Rob Price
Gutbrain Records
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2018 December 24 • Monday

The 549th Soundtrack of the Week is the music composed by Bengt Arne Wallin for a Swedish movie called Dear John.

The movie and composer were both unknown to me. It's a great score played by a great small ensemble.

It opens with the Dear John theme, starting as solo accordion then becoming a wistful small big band waltz, slightly reminiscent of Glenn Miller maybe. The record sleeve notes that the theme is "mixed with Cottage Waltz".

Some great electric jazz guitar playing, similar in tone and feel to Kenny Burrell, and really good saxophone soloing, are "In the Cafe".

"In Zoo" starts with flute and percussion. The rest of the band enters without making a big deal about it and there’s additional impressive contributions from the electric guitar, as well as another great saxophone solo.

After that, "On the Beach" breaks with the energetic nature of the last few cues for a subtly lush and delicate atmosphere that suggests a quiet, warm night on the edge of the sand by the water.

Then "Under the Tree" creates an unexpectedly tense atmosphere while maintaining a solid and swinging jazz groove. The winds stab out unexpectedly from the band with brief, strident statements.

"Phono-Pop" is pretty much just what I’d hoped, a sophisticated primitive slice of instrumental pop/rock unpretension. A different guitar sound makes an appearance for a brief and tasty solo.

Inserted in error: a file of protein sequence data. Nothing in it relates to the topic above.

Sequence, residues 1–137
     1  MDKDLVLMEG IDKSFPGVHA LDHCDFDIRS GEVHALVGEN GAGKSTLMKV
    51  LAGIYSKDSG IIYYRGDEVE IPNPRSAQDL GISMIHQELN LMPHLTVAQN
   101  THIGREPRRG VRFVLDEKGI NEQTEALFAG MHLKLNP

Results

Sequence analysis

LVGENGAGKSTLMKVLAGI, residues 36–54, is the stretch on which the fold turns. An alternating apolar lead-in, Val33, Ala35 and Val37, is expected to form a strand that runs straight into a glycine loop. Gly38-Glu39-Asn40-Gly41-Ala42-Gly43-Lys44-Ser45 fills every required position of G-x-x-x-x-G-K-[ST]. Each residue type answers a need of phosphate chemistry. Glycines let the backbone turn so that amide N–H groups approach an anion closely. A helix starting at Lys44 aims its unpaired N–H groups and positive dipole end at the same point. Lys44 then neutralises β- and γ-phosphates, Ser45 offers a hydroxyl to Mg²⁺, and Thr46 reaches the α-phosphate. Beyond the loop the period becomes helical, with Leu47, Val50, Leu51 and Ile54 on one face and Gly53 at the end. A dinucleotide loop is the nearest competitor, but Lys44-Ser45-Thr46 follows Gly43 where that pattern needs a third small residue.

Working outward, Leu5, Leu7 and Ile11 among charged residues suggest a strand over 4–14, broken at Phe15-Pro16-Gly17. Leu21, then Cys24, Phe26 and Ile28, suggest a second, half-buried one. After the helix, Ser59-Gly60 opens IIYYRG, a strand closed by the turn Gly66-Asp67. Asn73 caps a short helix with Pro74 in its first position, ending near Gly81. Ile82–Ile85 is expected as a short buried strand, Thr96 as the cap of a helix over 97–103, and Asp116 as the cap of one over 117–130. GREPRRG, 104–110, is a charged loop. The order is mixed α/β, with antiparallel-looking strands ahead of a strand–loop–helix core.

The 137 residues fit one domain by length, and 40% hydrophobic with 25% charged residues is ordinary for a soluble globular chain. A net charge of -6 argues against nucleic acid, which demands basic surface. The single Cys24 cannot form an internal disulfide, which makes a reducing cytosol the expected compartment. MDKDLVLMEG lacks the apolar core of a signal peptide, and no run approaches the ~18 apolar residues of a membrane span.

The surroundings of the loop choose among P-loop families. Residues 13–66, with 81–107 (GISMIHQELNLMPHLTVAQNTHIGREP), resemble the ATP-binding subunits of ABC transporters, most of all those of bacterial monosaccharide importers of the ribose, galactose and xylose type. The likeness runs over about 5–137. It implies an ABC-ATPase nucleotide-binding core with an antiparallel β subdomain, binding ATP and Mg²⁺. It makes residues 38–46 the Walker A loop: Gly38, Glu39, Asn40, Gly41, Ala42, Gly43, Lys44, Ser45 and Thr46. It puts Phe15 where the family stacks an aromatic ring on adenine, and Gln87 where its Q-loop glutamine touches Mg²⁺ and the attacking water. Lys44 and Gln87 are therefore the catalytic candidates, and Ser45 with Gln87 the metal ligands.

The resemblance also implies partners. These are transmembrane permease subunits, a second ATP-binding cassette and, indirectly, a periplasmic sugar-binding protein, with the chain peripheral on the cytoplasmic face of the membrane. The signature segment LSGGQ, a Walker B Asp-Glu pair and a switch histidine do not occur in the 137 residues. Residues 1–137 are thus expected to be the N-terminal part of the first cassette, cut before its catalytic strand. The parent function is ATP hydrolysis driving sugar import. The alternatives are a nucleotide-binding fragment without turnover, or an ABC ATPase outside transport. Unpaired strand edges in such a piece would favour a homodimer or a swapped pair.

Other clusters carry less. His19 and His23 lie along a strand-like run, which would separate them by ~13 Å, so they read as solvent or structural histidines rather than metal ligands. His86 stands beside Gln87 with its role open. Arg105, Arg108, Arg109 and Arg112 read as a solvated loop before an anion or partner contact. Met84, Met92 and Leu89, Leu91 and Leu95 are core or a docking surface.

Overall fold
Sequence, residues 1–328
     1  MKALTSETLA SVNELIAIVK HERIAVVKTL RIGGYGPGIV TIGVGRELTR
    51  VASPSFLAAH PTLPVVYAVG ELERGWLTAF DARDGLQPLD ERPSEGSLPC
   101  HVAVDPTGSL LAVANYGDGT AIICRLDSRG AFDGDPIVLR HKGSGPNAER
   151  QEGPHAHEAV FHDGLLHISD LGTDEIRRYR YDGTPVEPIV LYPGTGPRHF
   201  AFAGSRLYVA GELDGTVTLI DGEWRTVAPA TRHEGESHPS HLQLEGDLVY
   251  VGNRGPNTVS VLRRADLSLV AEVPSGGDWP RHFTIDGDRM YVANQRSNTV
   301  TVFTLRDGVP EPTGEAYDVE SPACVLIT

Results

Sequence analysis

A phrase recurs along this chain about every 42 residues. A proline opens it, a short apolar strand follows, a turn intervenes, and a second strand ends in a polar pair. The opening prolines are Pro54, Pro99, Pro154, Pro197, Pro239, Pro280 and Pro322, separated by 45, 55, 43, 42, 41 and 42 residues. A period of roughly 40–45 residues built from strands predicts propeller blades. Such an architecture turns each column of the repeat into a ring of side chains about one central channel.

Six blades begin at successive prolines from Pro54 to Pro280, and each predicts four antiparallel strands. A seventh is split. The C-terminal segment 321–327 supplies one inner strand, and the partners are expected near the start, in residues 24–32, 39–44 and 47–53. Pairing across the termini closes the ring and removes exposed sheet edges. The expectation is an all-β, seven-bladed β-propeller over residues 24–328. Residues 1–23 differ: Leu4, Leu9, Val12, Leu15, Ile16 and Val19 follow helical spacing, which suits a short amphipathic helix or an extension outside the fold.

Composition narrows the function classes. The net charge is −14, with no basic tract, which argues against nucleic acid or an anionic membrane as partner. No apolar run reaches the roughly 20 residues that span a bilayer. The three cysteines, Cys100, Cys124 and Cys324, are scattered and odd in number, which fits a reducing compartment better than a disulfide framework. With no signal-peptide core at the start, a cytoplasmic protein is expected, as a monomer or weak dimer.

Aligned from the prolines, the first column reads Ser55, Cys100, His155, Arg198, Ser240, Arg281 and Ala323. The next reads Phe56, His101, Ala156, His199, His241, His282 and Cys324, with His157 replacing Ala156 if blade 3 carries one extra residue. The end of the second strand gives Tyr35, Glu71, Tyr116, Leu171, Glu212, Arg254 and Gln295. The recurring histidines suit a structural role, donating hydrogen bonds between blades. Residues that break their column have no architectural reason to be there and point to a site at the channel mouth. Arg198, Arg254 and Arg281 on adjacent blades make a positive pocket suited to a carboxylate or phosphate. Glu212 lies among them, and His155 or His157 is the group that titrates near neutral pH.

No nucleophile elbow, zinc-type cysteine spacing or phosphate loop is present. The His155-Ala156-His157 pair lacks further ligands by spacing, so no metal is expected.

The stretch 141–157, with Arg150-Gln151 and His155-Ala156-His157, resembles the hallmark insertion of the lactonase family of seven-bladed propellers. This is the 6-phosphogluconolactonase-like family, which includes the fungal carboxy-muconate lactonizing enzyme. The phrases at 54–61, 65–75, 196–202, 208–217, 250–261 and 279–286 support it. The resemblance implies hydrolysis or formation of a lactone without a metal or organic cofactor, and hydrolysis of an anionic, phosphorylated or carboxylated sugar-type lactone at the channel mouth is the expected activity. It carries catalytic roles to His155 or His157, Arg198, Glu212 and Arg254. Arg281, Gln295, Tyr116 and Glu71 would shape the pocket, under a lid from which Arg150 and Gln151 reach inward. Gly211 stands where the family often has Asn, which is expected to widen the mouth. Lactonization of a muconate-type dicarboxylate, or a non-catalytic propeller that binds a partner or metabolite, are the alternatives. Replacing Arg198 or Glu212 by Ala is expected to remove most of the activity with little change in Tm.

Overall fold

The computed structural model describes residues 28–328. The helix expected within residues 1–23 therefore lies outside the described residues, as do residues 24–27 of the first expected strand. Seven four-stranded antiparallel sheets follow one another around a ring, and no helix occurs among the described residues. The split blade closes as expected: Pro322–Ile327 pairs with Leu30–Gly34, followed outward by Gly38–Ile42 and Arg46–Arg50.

"On the Freight Tramp" is another surprising cue, starting with a shadowy and menacing lower-register pulse but turning out to be a swinging song with a melody and structure that sounds like an arrangement of a folk song. Again the guitar stands for its positive contribution.

After that we return to the theme but this time it’s very haunting with a martial snare drum throughout.

Side Two opens with the theme again, similar to what's heard on the first album side. It’s a piece of music that increases in strength and effectiveness with each iteration.

The mood changes again with "Muscles", another swinging groover for the combo, this time with great baritone sax playing.

"Anita’s Song" was co-written by Bengt Thomas and has an anthemic quality to it, with ethereal and powerful wordless female vocals.

Then comes another surprise with "Helena", which adds some kind of electronic keyboard to the combo for the first time. It’s an unusual-sounding one, whatever it is, with delicate yet persistent back up from guitar and a string section.

The record concludes with "Swedish Love Song". The female vocalist is back with an almost Yma Sumac-like presence in the very beginning of the cue. Then the music settles down into something calmer, with a pocket of Mancini-like writing here and there but definitely always retaining its own individualistic sound and personality. The Hammond organ takes a solo here and the band swings as always.